2. Ground 2: KONE claimed that ‘construction operations‘ were limited to works requiring the appointment of an ‘authorized person‘ pursuant to the Buildings Ordinance (Cap. 123), and that as no authorized person had been appointed, the relevant works were not construction operations. The Court held that KONE’s contention was based on a misreading of the definition of ‘authorized person‘ at section 2(1) of the CICO, which was not limited to only authorized persons appointed under the Buildings Ordinance.  The Court also expressly rejected KONE’s proposed definition of ‘construction operations’ as confined to work requiring the appointment of an authorized person.
  3. Ground 3: KONE criticised the Court’s rejection of its expert evidence on the industry meaning of the terms ‘stage‘ or ‘part‘. KONE’s expert had not been cross-examined in the earlier Statutory Appeal and the CIC had not adduced contrary expert evidence.  The Court held this complaint without merit, as it had already held in its previous decision that the relevant point was a matter of law for which expert evidence was inadmissible.  KONE also complained that it should have been notified that the Court did not accept KONE’s expert evidence and given a chance to respond, but the Court found that this had been addressed during the oral closing.
  4. Ground 4: Regarding whether certain identified items fell within the definition of ‘construction operations‘, KONE argued that the Court erred by placing the burden of proof on KONE to demonstrate why the works were not ‘construction operations‘, instead of on the CIC to justify charging a levy. The Court referred to its previous decision on this issue, in which it held that the CIC did bear the burden of justifying the levy, but that there was sufficient evidence before the Court to make a finding one way or another without having to refer to burden of proof.  KONE also argued that it had given sufficient factual evidence whether certain items did not amount to ‘construction operations‘.  The Court referred to numerous deficiencies in the witness statement that had been identified in its previous decision, and rejected this argument.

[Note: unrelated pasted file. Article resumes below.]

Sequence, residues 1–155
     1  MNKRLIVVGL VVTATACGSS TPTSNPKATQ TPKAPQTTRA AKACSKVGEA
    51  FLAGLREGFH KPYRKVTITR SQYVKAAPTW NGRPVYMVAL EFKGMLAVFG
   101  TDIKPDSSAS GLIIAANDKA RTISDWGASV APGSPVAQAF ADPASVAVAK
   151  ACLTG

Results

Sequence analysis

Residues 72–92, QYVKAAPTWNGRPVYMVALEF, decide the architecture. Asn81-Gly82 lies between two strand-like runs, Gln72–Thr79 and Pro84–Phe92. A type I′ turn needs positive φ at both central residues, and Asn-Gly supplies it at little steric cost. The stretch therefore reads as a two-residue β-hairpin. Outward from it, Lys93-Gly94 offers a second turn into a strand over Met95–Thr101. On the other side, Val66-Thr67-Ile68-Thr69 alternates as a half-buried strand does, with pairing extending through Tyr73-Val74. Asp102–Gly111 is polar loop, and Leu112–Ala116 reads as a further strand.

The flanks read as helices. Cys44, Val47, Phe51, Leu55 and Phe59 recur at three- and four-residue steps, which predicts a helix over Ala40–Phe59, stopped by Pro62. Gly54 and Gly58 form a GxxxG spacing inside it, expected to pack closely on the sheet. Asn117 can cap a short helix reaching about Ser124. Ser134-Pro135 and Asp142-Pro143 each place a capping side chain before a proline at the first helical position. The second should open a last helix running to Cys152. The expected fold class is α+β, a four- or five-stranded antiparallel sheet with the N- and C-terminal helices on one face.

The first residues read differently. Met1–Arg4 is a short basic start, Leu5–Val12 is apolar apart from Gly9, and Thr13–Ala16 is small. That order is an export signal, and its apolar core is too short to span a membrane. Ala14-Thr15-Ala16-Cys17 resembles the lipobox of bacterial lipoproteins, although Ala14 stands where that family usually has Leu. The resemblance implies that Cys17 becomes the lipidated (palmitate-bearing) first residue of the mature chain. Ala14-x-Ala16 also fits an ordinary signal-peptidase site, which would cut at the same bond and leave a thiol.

The Court overall found no merit in KONE’s arguments, considering them a rehash of their previous trial positions.  It further concluded that there was no justifiable reason to hear the appeal on the ‘some other reason in the interests of justice‘ ground, despite KONE’s assertion that the case may be ‘the first of its kind‘ and could have ‘far-reaching consequences for other contractors or property owners‘.

The Court’s dismissal of the Application and its previous decision may nonetheless provide useful judicial guidance as to various aspects of the construction regulatory regime in Hong Kong, particularly as CICO cases seldom come before the courts.  The definition of ‘construction operations‘ is often a contested issue in matters under the Construction Workers Registration Ordinance (Cap. 583), which is also administered by the CIC.  The CIC’s regulatory role and the practices of the Objections Board were also discussed at some length in the previous decision, which may have implications on various similarly-structured appeal procedures for other CIC-run schemes.

The full judgment can be accessed here.

19 April 2024